Of all the movies I saw this year, The Brave One, starring Jodie Foster, resonated with me the most. I can't say I'm a Jodie Foster fan. Personally, when it comes to white actresses, my top 3 are Annette Benning, Nicole Kidman, and Scarlett Johansson, all for entirely different reasons of course. But, when I heard about the premise of The Brave One, for which Foster received a Golden Globe nomination, I knew I had to see it, and more importantly, my lady needed to see it with me.

The story goes something like this: Jodie Foster is Erica Bain, a radio host living in New York City, who is engaged to a doctor. One night, the couple is walking their dog in Central Park, when a gang of random, drunken thugs beat Foster and Prince Charming. Foster survives, barely, but wakes up out of her coma to find out that her fiance´died soon after the attack. As she attempts to get her life back together by seeking justice on those who killed her boo, Bain gets frustrated by all the red tape of the traditional justice system, and instead decides to take matters into her own hands. And although the movie tries to sell a much bigger dilemma - that Bain is fed up with all city scum, not just the ones who killed her boyfriend - I'm not buying it. Ultimately, Bain wants to serve the boys who served her man.

Now, I won't go into any more details about the movie itself, because I don't want to ruin it for those who haven't seen it. But seeing this Erica Bain character go so hard to avenge the death of her man made me wonder how far any woman would go to avenge the death of her one true love. Not to sound like the chauvinist I sometimes tend to be, but when has it ever been in a woman's nature to buy a gun and go after her main sqeeze's killer, in the name of love? Nothing comes to my head without having to think really, really, really hard.

The main question running through my head throughout the entire movie was what possesses a woman to go against the grain and get all thugged out over her boyfriend? Well, I'm no woman, but I'm thinking, it depends on the man, and then maybe, the situation. The situation because, if your woman has kids, then it's just not worth the risk. Daddy's dead and mama's serving 25-to-life for murder? That's just not a good look.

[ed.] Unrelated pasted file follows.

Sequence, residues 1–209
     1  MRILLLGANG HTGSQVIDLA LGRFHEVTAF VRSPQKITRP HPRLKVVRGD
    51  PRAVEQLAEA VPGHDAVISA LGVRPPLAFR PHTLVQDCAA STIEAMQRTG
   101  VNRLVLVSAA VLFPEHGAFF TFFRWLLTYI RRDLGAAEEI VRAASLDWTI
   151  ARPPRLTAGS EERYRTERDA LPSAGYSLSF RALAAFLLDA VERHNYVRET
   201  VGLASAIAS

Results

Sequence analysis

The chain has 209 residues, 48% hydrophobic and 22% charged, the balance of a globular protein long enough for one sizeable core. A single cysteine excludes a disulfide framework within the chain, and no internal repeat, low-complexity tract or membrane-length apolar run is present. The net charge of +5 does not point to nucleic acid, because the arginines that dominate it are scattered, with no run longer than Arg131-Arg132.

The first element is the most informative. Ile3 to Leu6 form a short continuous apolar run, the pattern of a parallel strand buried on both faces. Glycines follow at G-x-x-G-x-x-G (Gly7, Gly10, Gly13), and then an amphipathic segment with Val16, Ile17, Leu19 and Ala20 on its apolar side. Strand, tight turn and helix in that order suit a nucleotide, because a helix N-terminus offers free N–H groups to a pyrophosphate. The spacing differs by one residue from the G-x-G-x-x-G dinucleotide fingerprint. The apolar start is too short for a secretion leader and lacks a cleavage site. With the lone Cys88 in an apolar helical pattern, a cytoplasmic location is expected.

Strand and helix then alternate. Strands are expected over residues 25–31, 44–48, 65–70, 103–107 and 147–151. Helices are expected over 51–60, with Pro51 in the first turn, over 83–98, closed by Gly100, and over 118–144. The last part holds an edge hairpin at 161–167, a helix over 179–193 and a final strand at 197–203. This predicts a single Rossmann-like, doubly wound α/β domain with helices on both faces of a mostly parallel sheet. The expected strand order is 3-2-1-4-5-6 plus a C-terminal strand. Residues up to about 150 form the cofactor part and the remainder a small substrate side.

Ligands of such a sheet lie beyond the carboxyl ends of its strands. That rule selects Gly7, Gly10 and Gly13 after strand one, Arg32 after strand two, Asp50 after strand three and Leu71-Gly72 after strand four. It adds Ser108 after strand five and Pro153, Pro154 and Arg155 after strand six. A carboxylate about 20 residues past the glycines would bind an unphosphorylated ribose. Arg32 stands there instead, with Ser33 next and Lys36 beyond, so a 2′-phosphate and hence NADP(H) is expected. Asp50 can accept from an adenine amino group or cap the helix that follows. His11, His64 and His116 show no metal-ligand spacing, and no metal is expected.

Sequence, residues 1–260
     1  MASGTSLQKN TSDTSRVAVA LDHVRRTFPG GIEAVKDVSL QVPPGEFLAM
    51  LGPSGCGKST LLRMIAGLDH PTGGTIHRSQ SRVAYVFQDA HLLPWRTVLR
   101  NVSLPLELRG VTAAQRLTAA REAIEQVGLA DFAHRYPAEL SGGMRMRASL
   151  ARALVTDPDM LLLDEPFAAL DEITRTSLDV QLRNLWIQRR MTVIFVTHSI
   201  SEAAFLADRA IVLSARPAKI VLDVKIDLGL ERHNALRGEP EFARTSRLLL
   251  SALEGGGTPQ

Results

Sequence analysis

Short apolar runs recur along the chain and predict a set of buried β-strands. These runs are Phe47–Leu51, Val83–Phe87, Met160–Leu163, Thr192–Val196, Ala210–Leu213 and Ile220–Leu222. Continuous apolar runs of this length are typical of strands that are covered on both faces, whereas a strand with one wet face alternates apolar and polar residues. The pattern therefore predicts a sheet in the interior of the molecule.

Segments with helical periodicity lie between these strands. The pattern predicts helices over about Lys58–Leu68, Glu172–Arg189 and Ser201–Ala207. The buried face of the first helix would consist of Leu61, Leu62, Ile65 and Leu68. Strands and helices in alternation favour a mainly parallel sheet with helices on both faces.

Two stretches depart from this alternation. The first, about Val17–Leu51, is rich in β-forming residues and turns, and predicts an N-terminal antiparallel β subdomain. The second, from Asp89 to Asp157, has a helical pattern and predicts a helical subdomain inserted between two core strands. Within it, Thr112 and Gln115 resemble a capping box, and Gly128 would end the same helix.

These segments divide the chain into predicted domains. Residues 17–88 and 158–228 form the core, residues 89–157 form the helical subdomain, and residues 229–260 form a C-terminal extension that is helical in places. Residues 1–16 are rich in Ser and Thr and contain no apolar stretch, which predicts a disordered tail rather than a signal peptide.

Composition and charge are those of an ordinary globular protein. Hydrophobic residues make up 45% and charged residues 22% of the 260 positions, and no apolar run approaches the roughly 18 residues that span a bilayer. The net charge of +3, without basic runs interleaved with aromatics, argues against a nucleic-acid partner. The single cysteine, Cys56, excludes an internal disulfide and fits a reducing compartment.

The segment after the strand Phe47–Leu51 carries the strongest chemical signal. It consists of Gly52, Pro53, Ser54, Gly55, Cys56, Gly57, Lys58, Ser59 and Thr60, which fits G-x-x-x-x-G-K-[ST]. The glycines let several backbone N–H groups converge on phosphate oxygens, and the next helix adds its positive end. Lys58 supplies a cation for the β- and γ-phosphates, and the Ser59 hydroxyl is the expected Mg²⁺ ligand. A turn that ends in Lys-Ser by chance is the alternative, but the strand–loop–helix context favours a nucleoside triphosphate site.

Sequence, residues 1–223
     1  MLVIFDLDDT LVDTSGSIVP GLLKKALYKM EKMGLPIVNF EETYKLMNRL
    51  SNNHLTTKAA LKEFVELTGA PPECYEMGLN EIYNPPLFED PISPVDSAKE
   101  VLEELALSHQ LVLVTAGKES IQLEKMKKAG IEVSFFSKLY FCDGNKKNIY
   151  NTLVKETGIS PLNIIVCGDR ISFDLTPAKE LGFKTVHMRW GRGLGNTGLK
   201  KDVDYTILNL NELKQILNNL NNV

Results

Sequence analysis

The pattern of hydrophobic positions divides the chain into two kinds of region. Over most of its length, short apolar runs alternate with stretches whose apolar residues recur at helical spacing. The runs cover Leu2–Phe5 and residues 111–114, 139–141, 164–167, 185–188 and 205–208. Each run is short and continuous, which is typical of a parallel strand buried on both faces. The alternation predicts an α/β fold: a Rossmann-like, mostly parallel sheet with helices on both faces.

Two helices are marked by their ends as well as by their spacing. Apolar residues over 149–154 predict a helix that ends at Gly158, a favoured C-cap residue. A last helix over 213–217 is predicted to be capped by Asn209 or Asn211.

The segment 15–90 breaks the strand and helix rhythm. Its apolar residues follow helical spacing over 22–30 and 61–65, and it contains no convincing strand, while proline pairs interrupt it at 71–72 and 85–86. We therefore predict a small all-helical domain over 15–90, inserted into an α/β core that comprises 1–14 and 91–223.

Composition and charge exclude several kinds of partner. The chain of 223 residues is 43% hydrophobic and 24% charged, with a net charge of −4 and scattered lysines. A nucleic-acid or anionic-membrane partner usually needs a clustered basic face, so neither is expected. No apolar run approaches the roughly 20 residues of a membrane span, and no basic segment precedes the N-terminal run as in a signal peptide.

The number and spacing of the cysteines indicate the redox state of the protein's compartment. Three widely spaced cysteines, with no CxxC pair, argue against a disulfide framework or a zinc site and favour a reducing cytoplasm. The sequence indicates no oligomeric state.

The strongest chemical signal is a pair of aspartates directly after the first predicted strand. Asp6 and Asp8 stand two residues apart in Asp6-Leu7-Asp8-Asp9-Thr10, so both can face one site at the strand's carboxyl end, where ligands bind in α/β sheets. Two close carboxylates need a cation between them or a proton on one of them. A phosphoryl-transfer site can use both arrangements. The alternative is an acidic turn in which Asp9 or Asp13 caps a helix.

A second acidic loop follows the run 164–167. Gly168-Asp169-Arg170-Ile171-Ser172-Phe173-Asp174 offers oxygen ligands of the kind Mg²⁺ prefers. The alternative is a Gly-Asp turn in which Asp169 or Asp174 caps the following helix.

But if that situation doesn't apply to you, the thing you have to wonder is, in your woman's eyes, are you a man worth killing another man over? Bain's man in the movie was a doctor - not exactly one of those dime-a-dozen guys. Sure, love is blind, and all that other nonsense, but ladies, don't act like you would pick a Carl Winslow over a Dr. Huxtable if given the choice. Shit, if my own sister was about to marry a doctor and he got killed, I'd probably kill the bastards who did it my damn self. Whereas if she was about to marry the manager of the local grocery store, I'd probably tell her there's another boat coming. (I kid!)

Seriously though, you have to wonder about these things. Sure, my lady will ultimately have to move on if I left her too soon, but if my departure was at the hands of some brutal act committed by some no good ninja, am I worth the trouble of cold-blooded revenge? I hope so. I'm not pro-death penalty, but I wouldn't mind seeing my lady get all american gangster-like on my killer before she makes that move to the next man. What man wouldn't want to see that?

When my lady and I left the movie, I was too afraid to ask her if that was me who got killed, and she lived, would she take the Erica Bain route. Conversations about hypothetical premature deaths never end well, and besides, I'm no doctor. But I challenge every man to ask their woman, whether you're married or not, would she kill the man who killed you? And no, requesting the death penalty doesn't count, unless she says she'd pull the lever. That gets half a point.